of my talent, in retrospect I probably would have suggested he consider a more
likely match for the role.Though I love
stage much more than film (except for the money) nothing can be more stressful
or tiring than portraying a character for which you are not suited.In
film I’ve come to accept and expect the stereotypical “jerk” character types I seem
to be best suited for.Though I don’t
enjoy portraying “jerks”, the money says “It’s OK.” And on second thought I probably would NOT
have advised Wanamaker to consider a more likely match than me.After
all, as I stated earlier “Who am I to advise the likes of Sam Wanamaker? “
You’d think that adolescents would love weekends. After all there would be no school and they would be free to engage in whatever teen-sized activities they would choose. But not necessarily!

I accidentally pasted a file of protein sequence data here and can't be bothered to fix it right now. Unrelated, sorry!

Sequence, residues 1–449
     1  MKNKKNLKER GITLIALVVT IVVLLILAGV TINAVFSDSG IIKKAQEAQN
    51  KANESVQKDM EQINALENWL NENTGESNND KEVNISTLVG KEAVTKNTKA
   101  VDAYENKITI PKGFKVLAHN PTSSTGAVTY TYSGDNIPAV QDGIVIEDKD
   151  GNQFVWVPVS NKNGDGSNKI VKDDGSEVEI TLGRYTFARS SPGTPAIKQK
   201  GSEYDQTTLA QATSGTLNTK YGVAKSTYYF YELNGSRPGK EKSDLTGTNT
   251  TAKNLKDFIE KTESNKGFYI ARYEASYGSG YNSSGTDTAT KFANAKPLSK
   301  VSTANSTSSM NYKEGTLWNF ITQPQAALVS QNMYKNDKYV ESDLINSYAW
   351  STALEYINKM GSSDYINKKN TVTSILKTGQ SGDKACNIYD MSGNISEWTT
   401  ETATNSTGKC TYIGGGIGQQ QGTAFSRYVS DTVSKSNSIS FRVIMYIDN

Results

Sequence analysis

It was just before noon on a gorgeous autumn Saturday. I was 16 years old and I hated Saturdays. SAY WHAT?!Hated Saturdays? A teen that hated Saturdays? Why would a 16 year old kid hate Saturdays? Mondays, certainly, but Saturdays? Why? Well, I had good reason and so did my brother. On one particular Saturday in 1951 my mother sent me on a grocery store errand on my trusty, single speed, fat-tired bicycle. This errand is not why I hated Saturdays. This errand would result in an “attitude adjustment”. She said we needed a loaf of bread. So, off I pedaled to the Twin Cedars grocery store/filling station which was about a mile away at the corner of Old Hammond hwy and Jefferson Hwy. We loved Twin Cedars. That little store had an old fashioned pot bellied stove and dispensed gas via old fashioned gravity pumps. Over the past 60 years that corner has undergone many commercial transformations. Today it is Café La Madeleine. Anyhow, getting back to my “Saturday problem”, I purchased the loaf of bread and began my bike trek back home. But no sooner had I gone a mere 1000 feet than WHOOPS!! my stomach started grumbling and growling. I had forgotten that 2 hours earlier I had dutifully taken my weekly (Saturday morning) dose of castor oil. Ever had castor oil? If not, consider yourself blessed. Speed-pedaling I frantically raced, trying to determine if I was going to make it home “accident free.” At about mid-route I was beginning to doubt whether I was going to make it. This single speed bike had never been pushed this fast. Go, go, go, get me home, GET ME HOME!!!!GO! GO! Upon my return (so far, so good), I hastily leaped off the bike, charged into the house, and, thank God, safely made it to the bathroom….accident free. Whew! Made it! Outside the door my mother asked “Did you get the bread?” Realizing I did NOT have the bread, I said “Must have dropped it” “WHAT!” “I must have dropped it.” “Then why didn’t you go pick it up?” to which I said “Do you really need me to answer that?” She got it. I was not the only kid in our house who was subjected to the weekly Saturday morning castor oil ritual. My 10 year old brother, Louis, also was. We both HATED Saturdays. Following each dose we would each be given a half of an orange to suck on to help kill the after taste. And yes we both came to hate oranges. But on this particular Saturday, after my “near catastrophe”, I decided to address this subject head-on. I asked my mom “Why is it necessary for Wayne and me (family referred to my brother by his middle name) to take this stuff every week? Did God make a mistake?” She said “What do you mean?” I said “Well, God must have goofed up since we have to have ‘help’ each week.” She said “God didn’t mess up. It’s your grandmother who says you need to take castor oil every week.” “Huh!” “Maw Maw says you need your castor oil each week.” I said “So this is Maw Maw’s deal, not God’s? Why?” “Because she says so.” “That’s the reason? Because she says so?” to which Mom said “Jerry, we don’t question Maw Maw.” I then bravely announced “Well, if that’s the only reason, then I’m going to see if I can survive without it.” She said “You're going to make your grandmother angry.” “Well does she take this stuff also?” She replied “When you're grown up, you won't have to take it anymore.” To which I replied: “Well I'm grown up enough. I'm going to see if I can survive without it.” And then Wayne said “If Jerry stops, then I’m going to stop.” A couple of years after refraining from this ritual Wayne and I slowly regained our taste for oranges. It’s now been over 60 years and we’ve survived so far. But my greatest relief was knowing that God had NOT made a mistake. Oh! and Sundays weren’t much fun either. We had to take a special laxative to get the castor oil out of our systems. Yummy, yummy. We didn’t hate Sunday as much since the Sunday laxative, though bad, wasn’t nearly as bad as Saturday’s. But it did keep us close to home for several hours. Good bye Castor Oil Saturdays!